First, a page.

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  Writing for Business and Pleasure
  Copyright by
Stephen Wilbers

First published February 9, 2009

Are you out of prepositions to focus in on?

by Stephen Wilbers

My seventh grade English teacher told me not to write, "Where’s the library at?"

These days I hear people talk about focusing in on something, placing something outside of the door, or leaving something inside of the room.

What’s up with our use of prepositions? Up with? Are we so enamored of these little connecting words that we feel compelled to sprinkle them everywhere in our speech and writing, even when they serve no purpose?

One of the generous sponsors of our fabulous City of Lakes Loppet advertised a special: "30% off of all race skis and boots." Off of. Wow. I would have been delighted with 30% off the regular price.

You’ve no doubt heard of the Great Vowel Shift, a change in pronunciation from 1200 to 1600 that separated Middle English from Modern English. Well according to Bill Bryson, there was a great shift of a different sort in American English. In the 19th century we began prepositionalizing our language. The habit continues today.

Maybe we love our prepositions because of their guttural, emphatic sound. Does I gotta get out of here sound more emphatic, perhaps livelier, than I must depart? Does finish up suggest an act more complete than finish? I wonder.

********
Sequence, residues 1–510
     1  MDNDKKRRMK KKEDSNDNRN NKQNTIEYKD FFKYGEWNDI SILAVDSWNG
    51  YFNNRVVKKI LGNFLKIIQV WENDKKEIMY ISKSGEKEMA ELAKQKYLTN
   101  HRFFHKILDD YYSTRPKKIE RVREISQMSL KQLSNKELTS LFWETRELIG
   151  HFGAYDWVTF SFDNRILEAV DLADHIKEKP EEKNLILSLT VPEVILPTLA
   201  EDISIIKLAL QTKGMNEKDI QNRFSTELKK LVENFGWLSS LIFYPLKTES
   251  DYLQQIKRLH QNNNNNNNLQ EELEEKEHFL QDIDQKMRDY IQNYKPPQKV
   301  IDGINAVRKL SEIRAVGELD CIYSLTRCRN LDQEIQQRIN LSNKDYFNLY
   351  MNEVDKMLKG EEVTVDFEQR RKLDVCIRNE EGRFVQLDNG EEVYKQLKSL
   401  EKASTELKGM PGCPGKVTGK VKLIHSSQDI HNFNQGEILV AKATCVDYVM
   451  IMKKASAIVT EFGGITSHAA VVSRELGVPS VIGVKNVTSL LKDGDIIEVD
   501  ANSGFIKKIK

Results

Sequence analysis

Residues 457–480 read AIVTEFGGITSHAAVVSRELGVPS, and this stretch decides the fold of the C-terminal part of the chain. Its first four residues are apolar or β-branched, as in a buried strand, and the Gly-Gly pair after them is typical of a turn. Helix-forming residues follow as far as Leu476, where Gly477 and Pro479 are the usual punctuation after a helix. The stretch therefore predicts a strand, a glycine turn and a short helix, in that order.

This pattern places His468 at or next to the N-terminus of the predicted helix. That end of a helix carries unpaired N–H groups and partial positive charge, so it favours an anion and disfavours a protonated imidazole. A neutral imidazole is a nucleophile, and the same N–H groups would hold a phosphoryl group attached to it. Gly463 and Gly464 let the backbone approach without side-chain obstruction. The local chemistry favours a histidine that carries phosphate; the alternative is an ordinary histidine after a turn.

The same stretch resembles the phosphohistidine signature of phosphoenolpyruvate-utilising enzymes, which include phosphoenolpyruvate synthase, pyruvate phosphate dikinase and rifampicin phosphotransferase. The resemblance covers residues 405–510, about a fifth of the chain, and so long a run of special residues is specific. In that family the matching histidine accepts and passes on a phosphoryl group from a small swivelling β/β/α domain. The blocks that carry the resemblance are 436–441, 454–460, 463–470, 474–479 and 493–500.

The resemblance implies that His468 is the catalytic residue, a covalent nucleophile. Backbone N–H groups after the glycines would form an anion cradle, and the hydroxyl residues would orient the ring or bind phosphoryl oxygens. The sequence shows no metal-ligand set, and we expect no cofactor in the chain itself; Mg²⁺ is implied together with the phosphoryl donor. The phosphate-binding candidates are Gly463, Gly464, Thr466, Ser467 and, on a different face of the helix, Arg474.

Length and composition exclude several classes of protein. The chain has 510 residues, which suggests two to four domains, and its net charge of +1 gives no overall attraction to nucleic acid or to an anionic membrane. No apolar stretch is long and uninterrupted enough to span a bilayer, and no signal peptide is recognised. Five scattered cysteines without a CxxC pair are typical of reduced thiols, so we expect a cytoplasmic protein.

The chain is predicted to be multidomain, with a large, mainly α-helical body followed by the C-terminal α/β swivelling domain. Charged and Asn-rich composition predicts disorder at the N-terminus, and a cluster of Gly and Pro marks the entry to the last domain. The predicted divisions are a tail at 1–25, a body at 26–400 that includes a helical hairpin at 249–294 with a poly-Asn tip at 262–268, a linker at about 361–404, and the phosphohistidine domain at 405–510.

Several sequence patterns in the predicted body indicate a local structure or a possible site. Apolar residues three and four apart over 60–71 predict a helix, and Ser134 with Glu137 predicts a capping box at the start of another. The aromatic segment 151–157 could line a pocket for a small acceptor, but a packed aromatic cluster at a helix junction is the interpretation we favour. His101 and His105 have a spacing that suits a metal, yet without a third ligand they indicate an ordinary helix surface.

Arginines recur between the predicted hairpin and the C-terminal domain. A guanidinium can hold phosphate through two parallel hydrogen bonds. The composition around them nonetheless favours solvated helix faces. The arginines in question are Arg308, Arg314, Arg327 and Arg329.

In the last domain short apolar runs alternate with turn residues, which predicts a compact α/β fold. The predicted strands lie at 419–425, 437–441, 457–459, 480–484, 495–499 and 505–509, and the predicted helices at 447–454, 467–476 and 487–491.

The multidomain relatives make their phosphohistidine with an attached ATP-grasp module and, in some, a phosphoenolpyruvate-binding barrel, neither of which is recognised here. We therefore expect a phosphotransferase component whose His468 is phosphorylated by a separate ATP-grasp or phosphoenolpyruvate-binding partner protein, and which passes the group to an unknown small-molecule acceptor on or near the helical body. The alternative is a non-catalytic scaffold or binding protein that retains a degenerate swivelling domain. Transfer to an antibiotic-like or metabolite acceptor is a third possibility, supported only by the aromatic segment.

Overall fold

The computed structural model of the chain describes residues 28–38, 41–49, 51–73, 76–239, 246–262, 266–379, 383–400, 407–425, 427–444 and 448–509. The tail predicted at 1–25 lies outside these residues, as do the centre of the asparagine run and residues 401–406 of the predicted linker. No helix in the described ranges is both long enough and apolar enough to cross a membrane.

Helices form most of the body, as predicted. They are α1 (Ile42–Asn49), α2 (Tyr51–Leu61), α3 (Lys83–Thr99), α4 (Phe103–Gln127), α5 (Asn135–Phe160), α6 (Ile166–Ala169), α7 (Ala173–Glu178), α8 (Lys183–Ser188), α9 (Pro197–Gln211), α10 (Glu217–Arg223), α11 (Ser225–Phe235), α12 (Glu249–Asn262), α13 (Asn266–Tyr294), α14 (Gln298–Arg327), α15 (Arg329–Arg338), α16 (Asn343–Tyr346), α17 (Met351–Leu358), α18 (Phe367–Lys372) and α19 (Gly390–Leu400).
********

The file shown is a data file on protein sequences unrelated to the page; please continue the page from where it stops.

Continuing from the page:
But if we’re willing to trade elegance for emphasis, are we willing to trade precision? And if so, what next?

Don’t get me wrong. I’m no purist. I believe the vitality of our language is in part due to the way it evolves to reflect the spirit and needs of our time. There’s a place for simple, straightforward, direct communication, but there’s also a place for artful, nuanced, elegant communication.

I’m not proposing we attempt to reverse a pattern of speech that has long been with us, one that both reflects and shapes the way we think. But let’s avoid excess.

Let’s settle for single prepositions, as long as they serve a purpose.

The at in "Where’s the library at?" serves no purpose, so let’s drop it. "To get away with" might not be elegant, but its meaning is perfectly clear, it sounds natural and idiomatic, so let’s keep it.

But let’s not be too quick to accept common usage. At least some of the time we may want to investigate or examine rather than look into. Likewise, we may want to consider or recognize rather than take into account. Do you agree? Are you with me on that?

As for double prepositions, let’s draw the line. Rather than focus in on, let’s focus on, rather than outside of the door, let’s place it outside the door, and rather than inside of the room, let’s leave it inside the room. The same with in front of (before) and in back of (behind), as well as in between.

So if you send me a message with a preposition that serves no function, be prepared for me to ask you: Why did you send that message for me to delete that preposition from out of for?